I remember reading about this research a year or two ago but it didn’t hit home until I read Josh Waitzkin‘s book The Art of Learning. Waitzkin is the chess prodigy on whom the book and movie Searching for Bobby Fischer is based. He talks about competing against grade school chess champions when he was starting out and sensing an incredible difference between the kids who were praised for their effort and accomplishment and those who were praised for their innate talent and abilities. Those kids who felt like chess talent was a fixed, innate trait would buckle much more easily under pressure. When they encountered a substantial challenge, they perceived that challenge as a statement of their deficiency and would crumble.
Believing that intelligence is malleable, in addition to unlocking performance potential, might also actually be closer to the truth. We’ve all grown up believing that IQ tests measure our innate intelligence, but in fact, the inventor of the IQ test, Alfred Binet, was an incremental theorist. He believed that IQ measurement was a present snapshot of an evolving trait. It was our society that then turned the instrument into a measurement of status and destiny.
Other Domains Beyond IQ
This insight couldn’t be more important to motivation, outlook, self-confidence, achievement, social intelligence, mentoring and parenting. Understanding the world in terms of growth as opposed to innate talent is like flipping an internal switch for achievement. The problem is that this hypothesis is so fundamental and developed so early in our childhood that it’s difficult to adjust when one becomes an adult.
Those of us who’ve learned incorrect theories of growth and achievement have to spend a lot of time rewiring our beliefs. We have to let go of the desire to show ourselves off and be recognized for our talent. We have to instead start with the assumption that accomplishment in anything is the fundamental result of the massive, focused acquisition of skill. We then see that the chief virtues of success are discipline, persistence, objective evaluation, efficiency, deliberate goal-setting, and a fundamental understanding that obstacles are the gateway to mastery.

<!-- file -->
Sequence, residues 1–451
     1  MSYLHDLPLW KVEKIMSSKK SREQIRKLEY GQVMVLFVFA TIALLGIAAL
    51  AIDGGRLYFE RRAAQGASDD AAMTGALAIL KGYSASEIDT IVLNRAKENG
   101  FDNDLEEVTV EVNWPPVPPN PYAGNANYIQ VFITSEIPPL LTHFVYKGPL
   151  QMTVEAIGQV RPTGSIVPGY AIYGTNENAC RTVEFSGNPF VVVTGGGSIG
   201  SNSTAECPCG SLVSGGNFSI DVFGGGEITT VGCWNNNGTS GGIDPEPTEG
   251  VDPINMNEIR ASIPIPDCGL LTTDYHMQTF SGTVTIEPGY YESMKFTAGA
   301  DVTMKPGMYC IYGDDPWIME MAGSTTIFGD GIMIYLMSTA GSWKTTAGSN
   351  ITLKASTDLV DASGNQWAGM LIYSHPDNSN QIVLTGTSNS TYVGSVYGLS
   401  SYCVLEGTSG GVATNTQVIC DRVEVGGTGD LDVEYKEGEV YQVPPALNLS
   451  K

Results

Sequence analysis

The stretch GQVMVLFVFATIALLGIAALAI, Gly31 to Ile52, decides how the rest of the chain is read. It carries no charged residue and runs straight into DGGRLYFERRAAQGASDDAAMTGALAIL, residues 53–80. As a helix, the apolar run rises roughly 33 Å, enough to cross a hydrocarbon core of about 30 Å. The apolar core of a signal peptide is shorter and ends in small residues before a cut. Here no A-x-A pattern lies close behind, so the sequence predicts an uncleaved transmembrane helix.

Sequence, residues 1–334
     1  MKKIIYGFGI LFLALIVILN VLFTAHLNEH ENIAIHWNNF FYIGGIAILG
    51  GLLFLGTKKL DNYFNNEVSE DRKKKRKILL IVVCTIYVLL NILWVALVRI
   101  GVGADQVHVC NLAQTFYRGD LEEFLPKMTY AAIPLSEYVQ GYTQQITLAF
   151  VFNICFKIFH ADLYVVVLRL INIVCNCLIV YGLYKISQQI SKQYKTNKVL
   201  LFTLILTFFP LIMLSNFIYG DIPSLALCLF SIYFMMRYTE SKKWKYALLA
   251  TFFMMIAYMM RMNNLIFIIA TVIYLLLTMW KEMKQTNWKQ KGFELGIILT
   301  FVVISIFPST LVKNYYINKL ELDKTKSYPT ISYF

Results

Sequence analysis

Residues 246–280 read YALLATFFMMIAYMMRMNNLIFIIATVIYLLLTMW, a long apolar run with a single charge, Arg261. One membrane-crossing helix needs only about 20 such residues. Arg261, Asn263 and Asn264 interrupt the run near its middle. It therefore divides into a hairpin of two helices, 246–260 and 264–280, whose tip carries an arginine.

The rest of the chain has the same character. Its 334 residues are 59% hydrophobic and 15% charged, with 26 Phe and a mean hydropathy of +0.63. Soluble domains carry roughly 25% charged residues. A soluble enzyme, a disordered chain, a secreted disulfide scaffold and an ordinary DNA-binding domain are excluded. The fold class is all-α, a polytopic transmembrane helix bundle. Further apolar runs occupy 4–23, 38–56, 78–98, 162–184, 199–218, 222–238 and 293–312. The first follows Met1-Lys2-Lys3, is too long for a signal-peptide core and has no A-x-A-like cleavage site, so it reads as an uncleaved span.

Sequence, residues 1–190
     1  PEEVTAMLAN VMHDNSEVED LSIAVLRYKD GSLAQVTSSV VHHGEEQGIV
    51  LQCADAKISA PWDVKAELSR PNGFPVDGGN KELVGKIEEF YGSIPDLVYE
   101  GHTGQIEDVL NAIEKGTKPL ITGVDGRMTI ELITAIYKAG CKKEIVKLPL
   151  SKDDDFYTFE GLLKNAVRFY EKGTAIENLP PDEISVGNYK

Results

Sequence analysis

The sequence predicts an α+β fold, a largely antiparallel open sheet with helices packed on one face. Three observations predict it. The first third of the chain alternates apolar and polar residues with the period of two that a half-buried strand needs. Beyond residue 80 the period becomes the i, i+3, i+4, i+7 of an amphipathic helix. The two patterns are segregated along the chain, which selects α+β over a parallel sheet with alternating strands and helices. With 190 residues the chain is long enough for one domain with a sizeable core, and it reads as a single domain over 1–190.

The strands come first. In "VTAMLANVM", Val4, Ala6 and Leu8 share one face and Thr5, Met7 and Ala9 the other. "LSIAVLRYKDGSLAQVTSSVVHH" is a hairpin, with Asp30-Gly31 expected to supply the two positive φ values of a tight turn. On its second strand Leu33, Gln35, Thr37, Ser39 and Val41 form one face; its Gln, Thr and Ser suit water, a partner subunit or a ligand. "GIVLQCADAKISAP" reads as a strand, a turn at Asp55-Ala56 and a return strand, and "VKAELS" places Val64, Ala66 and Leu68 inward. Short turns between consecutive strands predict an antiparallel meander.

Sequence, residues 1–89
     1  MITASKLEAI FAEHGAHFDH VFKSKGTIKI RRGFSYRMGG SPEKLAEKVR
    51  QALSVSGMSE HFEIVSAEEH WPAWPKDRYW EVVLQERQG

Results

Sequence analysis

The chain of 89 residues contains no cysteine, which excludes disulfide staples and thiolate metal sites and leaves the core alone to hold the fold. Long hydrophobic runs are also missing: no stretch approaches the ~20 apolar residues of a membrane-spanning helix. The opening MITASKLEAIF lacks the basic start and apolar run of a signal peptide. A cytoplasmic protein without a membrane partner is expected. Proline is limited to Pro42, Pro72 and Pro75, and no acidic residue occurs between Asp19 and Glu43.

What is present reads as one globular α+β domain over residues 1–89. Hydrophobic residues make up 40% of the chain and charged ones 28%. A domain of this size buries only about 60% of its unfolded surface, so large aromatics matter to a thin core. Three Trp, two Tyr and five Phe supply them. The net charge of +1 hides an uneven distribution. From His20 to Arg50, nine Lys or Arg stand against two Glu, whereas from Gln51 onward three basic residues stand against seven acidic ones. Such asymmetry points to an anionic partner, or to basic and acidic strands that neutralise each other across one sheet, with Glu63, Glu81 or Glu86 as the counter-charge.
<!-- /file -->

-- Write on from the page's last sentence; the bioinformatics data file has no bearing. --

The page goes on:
In the seventies, psychologists took notice of a correlation between self-esteem and achievement. Without understanding the causal relationship, they started encouraging parents to boost self-esteem however possible, believing that would lead to greater achievement in children. They invented the infamous “A for effort.” Everyone started receiving participation awards. Parents stopped keeping score at little league games. Kids were taught that they were special by virtue of their innate identity, and developed massive notions of entitlement as a result.
Dweck’s research helps us understand what we did wrong, and how to do better. Instead of self-esteem leading to accomplishment, it’s the accomplishment that leads to self-esteem. Kids need to achieve. So it is harmful to remove the competition (the obstacles) and announce that “everyone is a winner.” We must instill competition, but we must attribute success and failure to the right things. When a child experiences an accomplishment, do we tell them how smart they are? How talented they are? How good-looking, charming, or funny they are?
Or rather, do we acknowledge how their hard work is paying off? How they worked effectively and grew as a result?
This is number one on my list of things that I wish I “would have known then.” I would have spent much less time asking whether or not I was talented enough to make my goals and pursuits worthwhile. I would have spent much more time asking myself how to most efficiently and effectively develop the skills and traits I needed to overcome the inevitable obstacles that came along. That seemingly slight change in mentality creates a night-and-day difference.